An AI, err machine learning, shop lines up Eli Lilly as partner ahead of first in-house clinical trial
Life sciences software developer and drug discovery outfit Schrödinger, during its “platform day,” outlined its programs and path forward two months after bringing on board long-time biotech analyst Geoffrey Porges, who told Endpoints News on his first day that the company’s story had been “over-simplified.”
As part of telling its story on Thursday, which included slides of Schrödinger cats, the New York-based company disclosed another partner, adding to the dozen or so collaborations in the works at Schrödinger.
Eli Lilly is the latest to sign on the dotted line in a small molecule discovery and optimization deal that will see the Indianapolis Big Pharma dish out up to $425 million in milestones. Details of the upfront payment were kept under the hood. Royalties are also on the line, and Lilly will lead everything once the tie-up enters the preclinical stage.
The deal comes to light less than two full months after Porges joined as CFO, after a storied time at SVB Securities.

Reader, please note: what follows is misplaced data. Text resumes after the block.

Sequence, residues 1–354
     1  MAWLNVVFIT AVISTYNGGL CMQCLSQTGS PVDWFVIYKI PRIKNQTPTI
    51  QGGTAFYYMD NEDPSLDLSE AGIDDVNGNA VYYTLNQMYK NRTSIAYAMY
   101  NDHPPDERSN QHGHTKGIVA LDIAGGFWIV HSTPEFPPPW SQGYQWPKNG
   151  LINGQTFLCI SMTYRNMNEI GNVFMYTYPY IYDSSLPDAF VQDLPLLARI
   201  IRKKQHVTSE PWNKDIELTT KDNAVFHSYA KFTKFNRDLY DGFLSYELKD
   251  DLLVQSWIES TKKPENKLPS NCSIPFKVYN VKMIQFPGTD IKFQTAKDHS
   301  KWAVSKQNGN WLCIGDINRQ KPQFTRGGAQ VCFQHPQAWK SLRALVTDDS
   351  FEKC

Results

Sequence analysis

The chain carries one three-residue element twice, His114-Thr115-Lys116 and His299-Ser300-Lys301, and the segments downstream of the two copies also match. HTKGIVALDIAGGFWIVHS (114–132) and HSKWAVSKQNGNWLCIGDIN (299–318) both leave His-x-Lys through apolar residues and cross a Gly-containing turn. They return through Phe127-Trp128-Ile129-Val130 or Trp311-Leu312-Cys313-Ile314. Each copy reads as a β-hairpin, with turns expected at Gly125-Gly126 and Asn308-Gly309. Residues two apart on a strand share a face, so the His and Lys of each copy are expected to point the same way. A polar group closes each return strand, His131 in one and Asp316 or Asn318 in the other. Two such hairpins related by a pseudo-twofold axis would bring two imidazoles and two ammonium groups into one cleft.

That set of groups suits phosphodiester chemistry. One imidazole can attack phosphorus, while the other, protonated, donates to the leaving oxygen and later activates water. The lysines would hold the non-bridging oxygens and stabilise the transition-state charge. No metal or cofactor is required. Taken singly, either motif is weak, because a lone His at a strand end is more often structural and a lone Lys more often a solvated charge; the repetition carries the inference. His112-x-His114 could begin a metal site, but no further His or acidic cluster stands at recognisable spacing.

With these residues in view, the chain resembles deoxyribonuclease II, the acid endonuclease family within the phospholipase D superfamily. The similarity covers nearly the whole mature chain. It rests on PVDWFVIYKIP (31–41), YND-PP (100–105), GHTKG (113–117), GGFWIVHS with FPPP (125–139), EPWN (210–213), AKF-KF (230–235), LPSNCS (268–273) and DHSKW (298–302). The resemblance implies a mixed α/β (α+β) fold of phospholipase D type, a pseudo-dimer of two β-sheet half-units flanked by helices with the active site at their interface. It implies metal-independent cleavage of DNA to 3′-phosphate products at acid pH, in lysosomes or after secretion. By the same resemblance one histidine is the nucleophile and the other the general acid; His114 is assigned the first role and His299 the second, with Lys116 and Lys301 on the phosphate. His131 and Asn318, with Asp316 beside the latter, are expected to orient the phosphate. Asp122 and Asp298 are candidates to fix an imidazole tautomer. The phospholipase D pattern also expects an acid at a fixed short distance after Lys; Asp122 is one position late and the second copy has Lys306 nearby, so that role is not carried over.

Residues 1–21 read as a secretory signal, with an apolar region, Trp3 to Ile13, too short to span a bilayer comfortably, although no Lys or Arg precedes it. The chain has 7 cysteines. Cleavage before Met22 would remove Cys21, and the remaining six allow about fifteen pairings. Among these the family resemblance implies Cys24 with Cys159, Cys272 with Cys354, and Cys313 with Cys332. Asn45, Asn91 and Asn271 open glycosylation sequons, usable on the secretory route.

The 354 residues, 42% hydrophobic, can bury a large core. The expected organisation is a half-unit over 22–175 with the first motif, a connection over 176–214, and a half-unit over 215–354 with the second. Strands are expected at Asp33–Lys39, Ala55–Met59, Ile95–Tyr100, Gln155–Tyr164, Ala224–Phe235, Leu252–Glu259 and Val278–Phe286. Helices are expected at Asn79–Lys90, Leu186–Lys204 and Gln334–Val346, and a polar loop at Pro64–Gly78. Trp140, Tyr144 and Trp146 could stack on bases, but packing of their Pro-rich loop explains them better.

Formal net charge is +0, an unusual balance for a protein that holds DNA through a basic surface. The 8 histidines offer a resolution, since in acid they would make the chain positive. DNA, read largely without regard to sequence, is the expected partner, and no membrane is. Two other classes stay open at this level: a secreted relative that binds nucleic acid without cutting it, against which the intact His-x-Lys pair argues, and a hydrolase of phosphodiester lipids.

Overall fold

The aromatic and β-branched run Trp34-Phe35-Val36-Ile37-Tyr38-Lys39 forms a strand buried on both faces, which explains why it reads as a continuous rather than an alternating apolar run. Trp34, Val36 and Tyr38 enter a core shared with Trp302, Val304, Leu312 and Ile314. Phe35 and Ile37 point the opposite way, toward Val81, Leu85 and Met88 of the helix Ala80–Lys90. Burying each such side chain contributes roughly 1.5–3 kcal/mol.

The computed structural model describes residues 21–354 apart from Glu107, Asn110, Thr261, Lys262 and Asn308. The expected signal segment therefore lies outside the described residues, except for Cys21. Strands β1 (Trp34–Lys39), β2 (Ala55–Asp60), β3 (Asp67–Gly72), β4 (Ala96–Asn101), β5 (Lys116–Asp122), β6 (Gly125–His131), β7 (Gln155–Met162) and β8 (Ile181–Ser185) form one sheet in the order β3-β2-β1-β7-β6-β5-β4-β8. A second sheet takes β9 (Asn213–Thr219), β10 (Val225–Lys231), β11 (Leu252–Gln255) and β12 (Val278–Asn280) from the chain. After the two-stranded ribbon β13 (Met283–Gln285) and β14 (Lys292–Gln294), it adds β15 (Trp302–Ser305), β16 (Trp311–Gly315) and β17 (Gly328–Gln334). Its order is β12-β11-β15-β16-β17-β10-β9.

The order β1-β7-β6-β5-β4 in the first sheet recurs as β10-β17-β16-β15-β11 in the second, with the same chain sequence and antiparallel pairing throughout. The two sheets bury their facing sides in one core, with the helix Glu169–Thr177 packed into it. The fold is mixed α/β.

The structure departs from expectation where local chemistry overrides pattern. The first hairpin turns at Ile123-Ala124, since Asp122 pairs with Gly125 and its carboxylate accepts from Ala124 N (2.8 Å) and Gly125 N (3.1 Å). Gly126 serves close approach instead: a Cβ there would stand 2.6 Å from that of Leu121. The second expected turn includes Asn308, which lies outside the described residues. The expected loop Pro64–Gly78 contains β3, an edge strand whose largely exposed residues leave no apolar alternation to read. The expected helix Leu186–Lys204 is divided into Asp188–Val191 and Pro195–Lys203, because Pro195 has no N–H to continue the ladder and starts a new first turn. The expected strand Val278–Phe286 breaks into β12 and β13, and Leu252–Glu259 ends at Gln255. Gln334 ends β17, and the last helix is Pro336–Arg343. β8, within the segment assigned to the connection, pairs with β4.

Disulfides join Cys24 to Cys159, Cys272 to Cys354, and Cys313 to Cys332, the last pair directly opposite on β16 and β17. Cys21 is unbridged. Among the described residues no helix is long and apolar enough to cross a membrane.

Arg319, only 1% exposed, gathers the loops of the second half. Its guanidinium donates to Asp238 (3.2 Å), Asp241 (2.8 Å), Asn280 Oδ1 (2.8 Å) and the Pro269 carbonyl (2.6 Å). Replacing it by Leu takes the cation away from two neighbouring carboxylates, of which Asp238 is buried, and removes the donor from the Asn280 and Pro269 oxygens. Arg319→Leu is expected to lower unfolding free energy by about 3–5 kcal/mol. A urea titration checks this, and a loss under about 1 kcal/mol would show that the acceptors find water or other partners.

On his first day, Porges told Endpoints that the timing was optimal to bring a “lot more visibility” to the 32-year-old, 800-employee company.
That was the apparent mission of Thursday’s two-hour hybrid presentation, in which CEO Ramy Farid offered up his comments on the hype of artificial intelligence and noted half the company’s employees are dedicated to R&D and working toward finding that “one magical molecule” for its biopharma partners.
“You now always hear [machine learning] being referred to as AI because it just sounds cooler to call it AI,” Farid said. “It’s just machine learning. In computational chemistry, when people say AI, they mean machine learning.”
The list of companies attempting to disrupt drug discovery is approaching a full postseason roster at this point: Exscientia, Atomwise, Recursion Pharmaceuticals, insitro, XtalPi, Deep Genomics, Insilico, CytoReason and BenevolentAI, among others.
For its own in-house work, Schrödinger will enter the clinic this quarter with a Phase I study of its MALT1 inhibitor, SGR-1505, in patients with relapsed/refractory B-cell lymphoma. The company also said Thursday that it expects to ask for an IND for its CDC7 inhibitor, SGR-2921, in the first half of next year. And a Wee1 inhibitor development candidate will be selected this quarter.
The goal is to synthesize and test hundreds of molecules in about 1.5 years to 3 years, compared to other molecule design processes that Schrödinger claims can take about 4 to 6 years.
That work is part of a laundry list of collaborators: Nimbus Therapeutics and ShouTi (both of which Schrödinger co-founded), Agios, Nimbus Therapeutics, Morphic Therapeutic, Structure Therapeutics, Sanofi, Bright Angel Therapeutics, Petra Pharma, Ajax Therapeutics, Orexia, Takeda, Zai Lab, Bristol Myers Squibb and now Eli Lilly.